As temperatures across Louisiana from New Orleans to Lake Charles and Shreveport to Tallulah climb into the middle 90s and higher this weekend a lot of us are thinking about the beach. The beach has water and breezes and for some reason, it just doesn't seem as hot at the beach as it does in a Walmart parking lot in Alexandria, does it?

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Thinkstock
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And while those of us who enjoy our time at the beach tend to think of rest and relaxation, there is danger lurking for those who have plans to travel east to the beaches of Florida and Lower Alabama, and if you're heading west to the beaches of Galveston Texas and the upper Texas Coast.

Texas Orders Beaches To Open After Being Closed For Coronavirus Pandemic
Callaghan O'Hare, Getty Images
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The good news is that the warnings that have been posted have nothing to do with bacteria in the water. That means that if you were to get into the water your health would likely not be compromised by an unseen force of nature. But getting into the water in Florida, Alabama, or Texas this weekend might not be a good idea for another reason.

weather.gov/mob
weather.gov/mob
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That's the rip current forecast for the northern Gulf Coast as provided by the National Weather Service Office in Mobile. As you can see, strong rip currents are not only possible but likely as we move into the Father's Day weekend. Rip currents can be deadly for all swimmers, even those who are strong swimmers need to be aware that the best swimming this weekend will likely be found in a resort or condo swimming pool.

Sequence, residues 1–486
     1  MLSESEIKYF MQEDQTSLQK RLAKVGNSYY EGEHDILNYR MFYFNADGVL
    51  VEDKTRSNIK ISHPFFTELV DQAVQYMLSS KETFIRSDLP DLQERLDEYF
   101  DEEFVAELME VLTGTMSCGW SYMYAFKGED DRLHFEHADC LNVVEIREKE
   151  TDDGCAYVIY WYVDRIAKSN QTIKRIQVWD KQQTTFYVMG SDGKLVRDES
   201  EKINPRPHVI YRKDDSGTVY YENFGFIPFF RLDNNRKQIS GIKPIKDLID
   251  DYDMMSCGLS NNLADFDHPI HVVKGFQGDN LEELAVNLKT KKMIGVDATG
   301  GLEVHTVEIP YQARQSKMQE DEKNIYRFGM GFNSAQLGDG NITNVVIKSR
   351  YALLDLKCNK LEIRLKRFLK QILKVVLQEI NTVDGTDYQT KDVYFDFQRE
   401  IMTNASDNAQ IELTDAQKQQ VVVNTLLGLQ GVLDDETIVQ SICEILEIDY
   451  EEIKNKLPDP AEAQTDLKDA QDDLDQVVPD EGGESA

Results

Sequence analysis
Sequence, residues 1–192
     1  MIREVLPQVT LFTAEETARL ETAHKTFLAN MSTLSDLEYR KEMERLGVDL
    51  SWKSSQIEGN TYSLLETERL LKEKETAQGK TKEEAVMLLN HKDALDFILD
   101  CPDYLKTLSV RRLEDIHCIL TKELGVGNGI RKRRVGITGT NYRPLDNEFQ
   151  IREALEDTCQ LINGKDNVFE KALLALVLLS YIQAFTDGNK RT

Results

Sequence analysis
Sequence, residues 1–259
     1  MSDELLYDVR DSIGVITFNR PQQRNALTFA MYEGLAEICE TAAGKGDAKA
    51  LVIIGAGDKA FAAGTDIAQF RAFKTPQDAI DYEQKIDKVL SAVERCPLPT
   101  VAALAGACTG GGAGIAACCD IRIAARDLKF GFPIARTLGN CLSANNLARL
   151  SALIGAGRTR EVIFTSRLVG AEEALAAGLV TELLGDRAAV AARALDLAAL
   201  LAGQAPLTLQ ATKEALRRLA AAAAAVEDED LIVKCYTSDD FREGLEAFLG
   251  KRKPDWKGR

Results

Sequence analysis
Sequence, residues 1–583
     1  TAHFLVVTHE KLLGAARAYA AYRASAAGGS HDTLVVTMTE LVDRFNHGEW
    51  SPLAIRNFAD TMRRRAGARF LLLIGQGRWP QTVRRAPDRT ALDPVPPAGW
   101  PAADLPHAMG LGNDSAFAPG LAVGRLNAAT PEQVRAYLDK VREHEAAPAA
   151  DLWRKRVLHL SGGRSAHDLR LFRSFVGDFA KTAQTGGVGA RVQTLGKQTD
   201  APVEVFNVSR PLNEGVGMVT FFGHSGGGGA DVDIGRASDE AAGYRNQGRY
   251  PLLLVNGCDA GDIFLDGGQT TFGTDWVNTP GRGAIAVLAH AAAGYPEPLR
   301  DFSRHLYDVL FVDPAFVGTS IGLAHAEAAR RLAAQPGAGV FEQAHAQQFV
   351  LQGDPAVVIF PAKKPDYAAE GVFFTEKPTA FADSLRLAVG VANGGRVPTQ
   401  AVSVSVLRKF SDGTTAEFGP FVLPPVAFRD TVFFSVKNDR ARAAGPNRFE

Those planning a beach vacation on Galveston Island or the beaches of the Upper Texas Coast can expect choppy conditions. The National Weather Service site for Houston/Galveston shows a red flag warning but there is no advisory posted on the site.

So, that's confusing but better safe than sorry. And in case you're wondering about unsanitary conditions for swimming, so far most of the beaches on the Texas coast are not experiencing any issues with bacteria concentrations. 

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Staff Photo
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It's estimated that some 100 people will lose their lives to rip currents at beaches around the United States this year. It's important to heed the warning flags and check out the forecasts before you or your family takes a dip in the water. And no, you don't have to be too far out in the waves to get caught in a current that could take your life.

And while we hope you're never put in a position to perform life-saving rescue techniques on someone who was caught in a rip current, here is some good information to know.

21 Songs You Can Sing While Performing CPR

When performing CPR, rather than trying to count each compression, it is suggested that you quietly sing a song that has the proper rate of beats. The Bee Gee's “Stayin’ Alive” is aptly suggested as a choice. “Another One Bites the Dust”, by Queen, also fits the bill but probably isn’t appropriate. The following 21 songs have the proper 100/120 bpm to keep in time for chest compressions.

 

 

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